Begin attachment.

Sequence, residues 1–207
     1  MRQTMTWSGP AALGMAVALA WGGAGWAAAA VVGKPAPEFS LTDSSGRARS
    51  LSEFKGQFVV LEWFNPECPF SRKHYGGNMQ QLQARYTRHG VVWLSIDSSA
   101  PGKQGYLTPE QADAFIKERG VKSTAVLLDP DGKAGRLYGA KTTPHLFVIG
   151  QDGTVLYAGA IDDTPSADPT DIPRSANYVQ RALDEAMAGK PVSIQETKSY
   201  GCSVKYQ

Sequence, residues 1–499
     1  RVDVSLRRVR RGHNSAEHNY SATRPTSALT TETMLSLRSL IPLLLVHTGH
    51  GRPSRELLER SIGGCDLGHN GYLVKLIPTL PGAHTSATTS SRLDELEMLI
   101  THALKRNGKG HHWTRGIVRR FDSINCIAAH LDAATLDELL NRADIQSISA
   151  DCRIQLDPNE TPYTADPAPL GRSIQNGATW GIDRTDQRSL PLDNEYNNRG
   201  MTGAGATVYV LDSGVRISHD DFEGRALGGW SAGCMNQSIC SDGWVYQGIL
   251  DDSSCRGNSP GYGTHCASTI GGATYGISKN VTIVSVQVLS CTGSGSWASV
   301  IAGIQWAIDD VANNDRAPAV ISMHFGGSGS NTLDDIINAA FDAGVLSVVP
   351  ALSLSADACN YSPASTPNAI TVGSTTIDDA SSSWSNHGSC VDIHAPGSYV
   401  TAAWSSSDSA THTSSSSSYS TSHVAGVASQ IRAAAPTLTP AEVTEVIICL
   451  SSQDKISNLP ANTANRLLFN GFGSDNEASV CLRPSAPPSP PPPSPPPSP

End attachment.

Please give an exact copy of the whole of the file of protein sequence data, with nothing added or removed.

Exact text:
Sequence, residues 1–207
     1  MRQTMTWSGP AALGMAVALA WGGAGWAAAA VVGKPAPEFS LTDSSGRARS
    51  LSEFKGQFVV LEWFNPECPF SRKHYGGNMQ QLQARYTRHG VVWLSIDSSA
   101  PGKQGYLTPE QADAFIKERG VKSTAVLLDP DGKAGRLYGA KTTPHLFVIG
   151  QDGTVLYAGA IDDTPSADPT DIPRSANYVQ RALDEAMAGK PVSIQETKSY
   201  GCSVKYQ

Sequence, residues 1–499
     1  RVDVSLRRVR RGHNSAEHNY SATRPTSALT TETMLSLRSL IPLLLVHTGH
    51  GRPSRELLER SIGGCDLGHN GYLVKLIPTL PGAHTSATTS SRLDELEMLI
   101  THALKRNGKG HHWTRGIVRR FDSINCIAAH LDAATLDELL NRADIQSISA
   151  DCRIQLDPNE TPYTADPAPL GRSIQNGATW GIDRTDQRSL PLDNEYNNRG
   201  MTGAGATVYV LDSGVRISHD DFEGRALGGW SAGCMNQSIC SDGWVYQGIL
   251  DDSSCRGNSP GYGTHCASTI GGATYGISKN VTIVSVQVLS CTGSGSWASV
   301  IAGIQWAIDD VANNDRAPAV ISMHFGGSGS NTLDDIINAA FDAGVLSVVP
   351  ALSLSADACN YSPASTPNAI TVGSTTIDDA SSSWSNHGSC VDIHAPGSYV
   401  TAAWSSSDSA THTSSSSSYS TSHVAGVASQ IRAAAPTLTP AEVTEVIICL
   451  SSQDKISNLP ANTANRLLFN GFGSDNEASV CLRPSAPPSP PPPSPPPSP